Home Features History Letters from Spain New Arrivals Profiles Recipes Sightseeing Vocabulary Weather

Chapter Thirty-six – Pelota (part one)

Pelota (part one)

PELOTA is a Basque game with a hard ball made of dogskin. From a distance it looks as if a shindy had just started and that the noise of shooting was being added to the wild uproar; but when you get nearer, you discover that the uproar is not caused by the players or even the onlookers but by the betting-touts who rush about in front of the crowd and take bets on Blue and Red, these being the distinctive colours of the teams.

From a dramatic point of view these betting-touts are the most interesting feature of the show; for they yell like monkeys, leap about, wave their arms and indicate the bets on their outstretched fingers, the bets and winning being flung to and fro between touts and onlookers in hollow pellets, which whizz past your nose like nuts shaken from a tree where a gang of apes are squatting.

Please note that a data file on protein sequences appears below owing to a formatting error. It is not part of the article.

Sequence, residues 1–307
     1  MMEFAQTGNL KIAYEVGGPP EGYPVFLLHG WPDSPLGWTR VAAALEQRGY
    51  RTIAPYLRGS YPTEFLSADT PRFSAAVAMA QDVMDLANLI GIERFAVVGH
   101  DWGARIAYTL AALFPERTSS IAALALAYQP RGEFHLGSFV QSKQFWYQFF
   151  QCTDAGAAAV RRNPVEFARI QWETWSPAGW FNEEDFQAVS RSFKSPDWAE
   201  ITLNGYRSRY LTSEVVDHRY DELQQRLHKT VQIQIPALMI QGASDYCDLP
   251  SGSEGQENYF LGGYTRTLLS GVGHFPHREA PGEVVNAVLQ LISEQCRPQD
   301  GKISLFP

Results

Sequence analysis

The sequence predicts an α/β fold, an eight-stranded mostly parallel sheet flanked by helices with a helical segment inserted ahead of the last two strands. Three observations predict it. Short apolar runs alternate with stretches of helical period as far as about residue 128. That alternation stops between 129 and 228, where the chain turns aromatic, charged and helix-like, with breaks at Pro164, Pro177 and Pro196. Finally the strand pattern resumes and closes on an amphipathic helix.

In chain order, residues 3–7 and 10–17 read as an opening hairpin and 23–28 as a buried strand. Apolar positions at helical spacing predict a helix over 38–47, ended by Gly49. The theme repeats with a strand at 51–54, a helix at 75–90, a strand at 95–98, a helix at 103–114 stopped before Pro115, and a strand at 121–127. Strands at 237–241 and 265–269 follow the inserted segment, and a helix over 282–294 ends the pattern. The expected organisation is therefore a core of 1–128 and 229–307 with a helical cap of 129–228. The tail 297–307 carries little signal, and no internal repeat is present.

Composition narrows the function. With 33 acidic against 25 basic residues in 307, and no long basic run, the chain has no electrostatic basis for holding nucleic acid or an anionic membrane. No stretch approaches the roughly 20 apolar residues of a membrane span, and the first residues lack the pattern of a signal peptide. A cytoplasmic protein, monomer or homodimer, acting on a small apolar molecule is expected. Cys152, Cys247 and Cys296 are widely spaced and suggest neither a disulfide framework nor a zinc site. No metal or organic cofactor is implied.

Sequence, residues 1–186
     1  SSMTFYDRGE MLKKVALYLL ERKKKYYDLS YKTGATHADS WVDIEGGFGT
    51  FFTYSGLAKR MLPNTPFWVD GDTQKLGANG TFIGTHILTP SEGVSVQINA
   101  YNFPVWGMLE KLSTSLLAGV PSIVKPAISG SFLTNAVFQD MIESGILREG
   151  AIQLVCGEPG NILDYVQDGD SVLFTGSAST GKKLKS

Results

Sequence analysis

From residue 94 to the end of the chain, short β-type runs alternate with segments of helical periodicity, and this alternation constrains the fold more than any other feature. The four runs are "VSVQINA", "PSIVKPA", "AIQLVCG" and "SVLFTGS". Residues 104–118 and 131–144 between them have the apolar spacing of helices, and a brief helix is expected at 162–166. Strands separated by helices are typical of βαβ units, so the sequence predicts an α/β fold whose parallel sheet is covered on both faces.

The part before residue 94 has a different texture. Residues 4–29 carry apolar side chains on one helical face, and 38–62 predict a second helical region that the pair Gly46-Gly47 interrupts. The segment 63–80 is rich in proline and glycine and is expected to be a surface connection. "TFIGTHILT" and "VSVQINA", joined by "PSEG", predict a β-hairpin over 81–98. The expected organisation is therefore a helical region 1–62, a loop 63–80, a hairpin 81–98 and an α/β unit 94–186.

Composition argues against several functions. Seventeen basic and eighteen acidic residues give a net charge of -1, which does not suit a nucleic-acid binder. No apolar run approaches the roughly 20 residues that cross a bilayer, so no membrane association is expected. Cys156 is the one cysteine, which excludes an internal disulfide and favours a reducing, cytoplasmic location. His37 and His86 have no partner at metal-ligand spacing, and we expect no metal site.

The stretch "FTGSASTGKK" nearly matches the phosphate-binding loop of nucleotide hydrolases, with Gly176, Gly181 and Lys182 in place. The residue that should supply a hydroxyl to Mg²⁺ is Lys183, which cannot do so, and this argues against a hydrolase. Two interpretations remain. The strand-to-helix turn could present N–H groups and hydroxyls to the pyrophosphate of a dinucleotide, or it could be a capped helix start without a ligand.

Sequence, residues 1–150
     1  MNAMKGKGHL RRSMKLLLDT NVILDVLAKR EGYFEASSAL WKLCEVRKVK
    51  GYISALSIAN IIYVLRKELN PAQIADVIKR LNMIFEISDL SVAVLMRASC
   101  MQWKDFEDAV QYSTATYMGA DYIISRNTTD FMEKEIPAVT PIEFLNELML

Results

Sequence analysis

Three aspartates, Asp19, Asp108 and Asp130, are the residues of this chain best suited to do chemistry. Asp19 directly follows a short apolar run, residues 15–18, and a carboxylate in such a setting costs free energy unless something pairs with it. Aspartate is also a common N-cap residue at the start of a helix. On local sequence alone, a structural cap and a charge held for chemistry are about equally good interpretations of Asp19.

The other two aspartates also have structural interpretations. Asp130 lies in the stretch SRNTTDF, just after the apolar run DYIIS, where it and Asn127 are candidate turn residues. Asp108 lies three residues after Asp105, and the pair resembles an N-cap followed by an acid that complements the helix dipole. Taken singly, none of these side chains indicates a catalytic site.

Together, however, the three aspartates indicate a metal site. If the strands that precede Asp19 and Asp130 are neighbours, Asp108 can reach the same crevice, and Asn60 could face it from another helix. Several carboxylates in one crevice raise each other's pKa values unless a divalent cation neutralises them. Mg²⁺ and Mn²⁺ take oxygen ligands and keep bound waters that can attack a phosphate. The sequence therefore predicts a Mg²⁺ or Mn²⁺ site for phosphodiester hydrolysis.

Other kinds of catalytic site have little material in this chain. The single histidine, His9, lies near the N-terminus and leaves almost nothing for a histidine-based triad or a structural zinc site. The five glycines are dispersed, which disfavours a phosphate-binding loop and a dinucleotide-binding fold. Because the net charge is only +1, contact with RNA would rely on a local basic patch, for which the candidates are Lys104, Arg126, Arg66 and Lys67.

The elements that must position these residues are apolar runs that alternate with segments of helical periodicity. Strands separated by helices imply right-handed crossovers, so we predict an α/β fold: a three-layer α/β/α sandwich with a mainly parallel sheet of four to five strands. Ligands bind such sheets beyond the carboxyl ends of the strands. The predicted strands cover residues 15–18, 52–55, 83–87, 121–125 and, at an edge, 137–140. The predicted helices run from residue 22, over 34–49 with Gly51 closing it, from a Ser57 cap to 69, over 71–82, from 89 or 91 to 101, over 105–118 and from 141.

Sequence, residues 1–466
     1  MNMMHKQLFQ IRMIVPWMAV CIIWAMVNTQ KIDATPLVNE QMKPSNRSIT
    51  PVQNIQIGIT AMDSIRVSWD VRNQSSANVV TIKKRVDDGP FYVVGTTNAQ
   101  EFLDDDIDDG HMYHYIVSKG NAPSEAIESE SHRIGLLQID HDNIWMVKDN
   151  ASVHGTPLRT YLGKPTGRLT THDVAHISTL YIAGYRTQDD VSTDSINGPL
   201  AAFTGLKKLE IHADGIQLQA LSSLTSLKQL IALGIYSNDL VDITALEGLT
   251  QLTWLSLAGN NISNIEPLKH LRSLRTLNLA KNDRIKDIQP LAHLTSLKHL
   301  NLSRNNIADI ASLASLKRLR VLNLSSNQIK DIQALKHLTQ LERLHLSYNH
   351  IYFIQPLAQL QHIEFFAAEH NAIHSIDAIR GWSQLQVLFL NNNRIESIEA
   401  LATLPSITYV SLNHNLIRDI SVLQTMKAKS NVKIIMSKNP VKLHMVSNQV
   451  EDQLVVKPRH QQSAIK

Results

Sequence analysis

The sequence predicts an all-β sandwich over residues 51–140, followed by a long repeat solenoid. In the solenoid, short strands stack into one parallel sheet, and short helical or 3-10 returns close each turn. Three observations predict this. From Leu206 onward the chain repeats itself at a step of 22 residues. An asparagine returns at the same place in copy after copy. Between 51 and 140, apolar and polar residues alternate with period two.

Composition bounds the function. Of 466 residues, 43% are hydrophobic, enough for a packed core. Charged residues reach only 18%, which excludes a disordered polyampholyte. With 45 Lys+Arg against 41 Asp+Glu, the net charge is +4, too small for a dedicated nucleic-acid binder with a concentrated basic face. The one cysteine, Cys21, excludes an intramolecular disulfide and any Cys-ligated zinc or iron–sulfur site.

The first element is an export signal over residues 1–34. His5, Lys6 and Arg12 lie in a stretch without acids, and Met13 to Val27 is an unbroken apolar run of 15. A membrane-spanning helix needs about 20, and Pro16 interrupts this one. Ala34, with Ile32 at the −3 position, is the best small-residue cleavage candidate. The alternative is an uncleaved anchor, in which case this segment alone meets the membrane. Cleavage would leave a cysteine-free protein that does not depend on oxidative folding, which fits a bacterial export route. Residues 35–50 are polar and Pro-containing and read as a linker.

While this passionate betting-game is developing, the pelota in the narrow sense of the word is being played lower down in front of the crowd.

On each side there are two players with a sort of long wicker pod or trough, fastened to the right hand by means of a leather glove.

Elola catches the flying ball in his pod, and wallop, he swipes it against the high wall which is known as the fronton. The ball bounces off with a crash, and whizzes back with the momentum of a projectile; bang, now Gabriel has got it in his pod, and whirls the racket round, and flings the ball at the fronton like a bomb.

And bang, now Teodoro has got it in his trough and whacks it against the wall with a thud; now it is Elola’s turn again to catch it as it bounces off. That is what it looks like in terms of a slow-motion film; but in reality you see four white figures, each leaping in his line, and smack bang, smack bang, smack bang, the ball flies above them and remains almost invisible; if the player misses it, if the ball bounces on the ground twice, or if some other mysterious slip is made, that ends the round and the other team scores a point; the touts begin to wave their arms and with a terrific yell announce fresh bets.

And so it goes on until sixty points or thereabouts have been scored. Then a fresh set of Rojos and Azules arrive, and they begin all over again, while the crowd is re-shuffled, as if they were so many roulette-players.